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Does anyone have experience with approaches for selecting the number of sparse principal components to include in a regression model?

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  • $\begingroup$ I don't have experience with that specifically, but I would assume that cross-validation would be one good approach (as always). $\endgroup$ – amoeba Dec 29 '14 at 22:42
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While I don't have direct insights about your question, I ran across some research papers, which might be of your interest. That is, of course, if I understand correctly that you are talking about sparse PCA, principal component regression and related topics. In that case, here are the papers:

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    $\begingroup$ I did not know about all of these references. They are very good - thanks. $\endgroup$ – Frank Harrell Dec 30 '14 at 11:59
  • $\begingroup$ @FrankHarrell: You're very welcome! Glad I could help. $\endgroup$ – Aleksandr Blekh Dec 30 '14 at 13:04
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The cross validation results were also used to determine the optimal number of dimensions for the LSI space. Too few dimensions did not take advantage of the predictive power of the data; while too many dimensions resulted in over-fitting. Fig. 4 shows the distribution of average errors for models with different numbers of LSI dimensions. The models with four dimensional LSI spaces produced both the fewest average number of errors and the fewest median number of errors, so the final model was built using a four dimensional LSI space.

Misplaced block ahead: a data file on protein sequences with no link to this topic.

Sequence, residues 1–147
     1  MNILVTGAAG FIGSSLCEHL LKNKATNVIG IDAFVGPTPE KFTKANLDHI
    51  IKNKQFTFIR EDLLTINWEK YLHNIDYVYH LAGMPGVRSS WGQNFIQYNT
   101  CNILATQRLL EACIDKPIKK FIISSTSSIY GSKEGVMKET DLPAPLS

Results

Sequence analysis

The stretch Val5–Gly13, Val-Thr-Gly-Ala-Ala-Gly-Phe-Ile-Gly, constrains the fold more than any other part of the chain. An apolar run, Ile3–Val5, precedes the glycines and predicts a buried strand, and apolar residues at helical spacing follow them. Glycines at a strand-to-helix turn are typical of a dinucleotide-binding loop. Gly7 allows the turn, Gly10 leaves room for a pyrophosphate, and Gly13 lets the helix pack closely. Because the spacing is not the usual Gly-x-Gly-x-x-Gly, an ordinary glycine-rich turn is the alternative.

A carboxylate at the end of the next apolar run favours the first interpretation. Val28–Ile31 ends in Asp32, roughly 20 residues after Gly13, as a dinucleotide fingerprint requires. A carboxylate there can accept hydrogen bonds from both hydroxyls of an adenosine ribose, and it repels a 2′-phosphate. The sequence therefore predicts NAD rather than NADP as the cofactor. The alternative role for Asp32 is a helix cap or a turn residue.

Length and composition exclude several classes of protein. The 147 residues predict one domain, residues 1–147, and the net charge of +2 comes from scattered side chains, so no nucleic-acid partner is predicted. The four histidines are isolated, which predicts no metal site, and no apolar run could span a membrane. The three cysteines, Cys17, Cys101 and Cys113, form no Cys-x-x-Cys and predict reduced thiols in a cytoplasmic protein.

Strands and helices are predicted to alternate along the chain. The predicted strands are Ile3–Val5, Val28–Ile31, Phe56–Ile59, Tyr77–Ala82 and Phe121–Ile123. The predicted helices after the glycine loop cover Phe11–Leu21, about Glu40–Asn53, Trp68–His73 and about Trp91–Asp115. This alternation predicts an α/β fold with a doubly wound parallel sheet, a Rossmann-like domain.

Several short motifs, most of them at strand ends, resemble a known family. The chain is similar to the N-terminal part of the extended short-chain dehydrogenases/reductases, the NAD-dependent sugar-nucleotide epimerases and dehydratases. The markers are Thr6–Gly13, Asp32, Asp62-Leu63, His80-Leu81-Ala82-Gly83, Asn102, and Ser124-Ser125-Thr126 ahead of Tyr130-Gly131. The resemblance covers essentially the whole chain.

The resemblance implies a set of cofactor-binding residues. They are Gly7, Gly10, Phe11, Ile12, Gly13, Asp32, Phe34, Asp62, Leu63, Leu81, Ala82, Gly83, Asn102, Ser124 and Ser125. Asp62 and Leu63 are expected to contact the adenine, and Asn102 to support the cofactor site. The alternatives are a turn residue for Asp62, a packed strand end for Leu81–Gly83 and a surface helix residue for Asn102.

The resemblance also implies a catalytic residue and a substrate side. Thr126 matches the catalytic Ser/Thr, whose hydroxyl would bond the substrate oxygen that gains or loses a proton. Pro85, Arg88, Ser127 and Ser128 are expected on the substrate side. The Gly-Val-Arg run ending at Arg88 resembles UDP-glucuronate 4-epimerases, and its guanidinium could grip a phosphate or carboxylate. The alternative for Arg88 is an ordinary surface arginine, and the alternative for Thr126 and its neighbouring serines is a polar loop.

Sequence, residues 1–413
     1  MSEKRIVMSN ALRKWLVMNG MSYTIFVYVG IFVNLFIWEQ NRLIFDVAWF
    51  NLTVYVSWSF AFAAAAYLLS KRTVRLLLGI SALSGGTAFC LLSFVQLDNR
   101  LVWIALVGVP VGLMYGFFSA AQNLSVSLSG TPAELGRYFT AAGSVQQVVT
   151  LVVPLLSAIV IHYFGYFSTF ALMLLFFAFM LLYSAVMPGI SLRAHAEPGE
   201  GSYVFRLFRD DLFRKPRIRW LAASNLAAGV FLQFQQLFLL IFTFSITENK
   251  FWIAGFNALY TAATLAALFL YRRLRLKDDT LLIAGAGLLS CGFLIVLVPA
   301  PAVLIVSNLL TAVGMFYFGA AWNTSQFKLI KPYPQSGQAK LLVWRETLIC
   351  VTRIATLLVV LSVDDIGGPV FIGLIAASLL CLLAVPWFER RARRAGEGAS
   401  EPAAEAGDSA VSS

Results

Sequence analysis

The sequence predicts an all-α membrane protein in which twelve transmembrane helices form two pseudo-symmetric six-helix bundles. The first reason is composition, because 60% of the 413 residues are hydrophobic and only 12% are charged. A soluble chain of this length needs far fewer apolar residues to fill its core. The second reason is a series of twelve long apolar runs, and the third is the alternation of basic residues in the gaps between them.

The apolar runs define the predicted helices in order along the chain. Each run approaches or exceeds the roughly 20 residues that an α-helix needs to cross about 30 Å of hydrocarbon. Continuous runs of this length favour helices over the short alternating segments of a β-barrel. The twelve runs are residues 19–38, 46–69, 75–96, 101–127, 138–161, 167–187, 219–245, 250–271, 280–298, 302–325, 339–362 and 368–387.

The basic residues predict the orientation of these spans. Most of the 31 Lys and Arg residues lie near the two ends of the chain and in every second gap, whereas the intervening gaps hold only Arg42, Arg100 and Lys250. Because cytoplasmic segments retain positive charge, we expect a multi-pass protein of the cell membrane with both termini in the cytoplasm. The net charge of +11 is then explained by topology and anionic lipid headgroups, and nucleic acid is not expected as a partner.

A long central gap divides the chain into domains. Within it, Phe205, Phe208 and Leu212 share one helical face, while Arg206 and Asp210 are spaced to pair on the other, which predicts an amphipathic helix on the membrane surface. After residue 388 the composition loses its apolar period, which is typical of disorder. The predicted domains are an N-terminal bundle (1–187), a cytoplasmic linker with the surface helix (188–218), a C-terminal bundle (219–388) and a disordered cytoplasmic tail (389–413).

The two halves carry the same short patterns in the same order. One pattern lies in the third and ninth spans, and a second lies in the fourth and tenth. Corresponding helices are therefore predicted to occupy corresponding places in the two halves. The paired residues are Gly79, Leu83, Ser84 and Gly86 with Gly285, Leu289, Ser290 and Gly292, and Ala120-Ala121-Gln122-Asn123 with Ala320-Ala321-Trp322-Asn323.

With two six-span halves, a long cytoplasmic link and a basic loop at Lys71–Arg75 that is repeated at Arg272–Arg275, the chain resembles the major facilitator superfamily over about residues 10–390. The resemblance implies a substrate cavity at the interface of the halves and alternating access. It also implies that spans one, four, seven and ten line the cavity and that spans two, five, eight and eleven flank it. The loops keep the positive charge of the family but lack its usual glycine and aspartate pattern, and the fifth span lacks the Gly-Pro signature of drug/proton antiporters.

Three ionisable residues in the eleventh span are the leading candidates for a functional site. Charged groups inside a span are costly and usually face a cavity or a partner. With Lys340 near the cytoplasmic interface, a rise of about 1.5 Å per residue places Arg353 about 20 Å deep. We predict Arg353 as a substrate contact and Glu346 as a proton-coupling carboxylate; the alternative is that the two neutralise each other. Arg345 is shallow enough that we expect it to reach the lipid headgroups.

http://ieeexplore.ieee.org/xpl/login.jsp?tp=&arnumber=5876870&url=http%3A%2F%2Fieeexplore.ieee.org%2Fxpls%2Fabs_all.jsp%3Farnumber%3D5876870

I can post a copy if you aren't an ieee member.

This is from a paper I wrote in undergrad. I had a problem where I needed to decide how many dimensions (Latent Semantic Indexing is similar to PCA) to use in my logistic regression model. What I did was pick a metric (i.e. the error rate when using a flagging probability of .5) and looked at the distribution for this error rate for different models trained on different number of dimensions. I then picked the model with the lowest error rate. You could use other metrics like area under ROC curve.

You could also use something like stepwise regression to pick the number of dimensions for you. What type of regression are you preforming specifically?

What do you mean by sparse btw?

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  • $\begingroup$ Sparse PC is for example L1 (lasso)-penalized PCA. In ordinary PCA we can usually enter terms in order of variation explained. With sparse PCA things are a bit more erratic so selection is perhaps more difficult. $\endgroup$ – Frank Harrell Mar 5 '14 at 23:29
  • $\begingroup$ The question was specifically about sparse principal components, and this answer (good as it is) does not address it at all, so -1. $\endgroup$ – amoeba Dec 29 '14 at 22:44
  • $\begingroup$ Stepwise regression that chooses components based on associations with $Y$ will result in overfitting unless special penalty functions are incorporated. $\endgroup$ – Frank Harrell Dec 30 '14 at 12:01
  • $\begingroup$ @FrankHarrell that can potentially happen but is less prone to happen if you use AIC instead of R-squared $\endgroup$ – Andrew Cassidy Dec 30 '14 at 15:53
  • $\begingroup$ @amoeba I'm confused... no I didn't address the "sparse" part of the principal comments, but you made the exact same suggestion to use cross validation in a comment? $\endgroup$ – Andrew Cassidy Dec 30 '14 at 15:59

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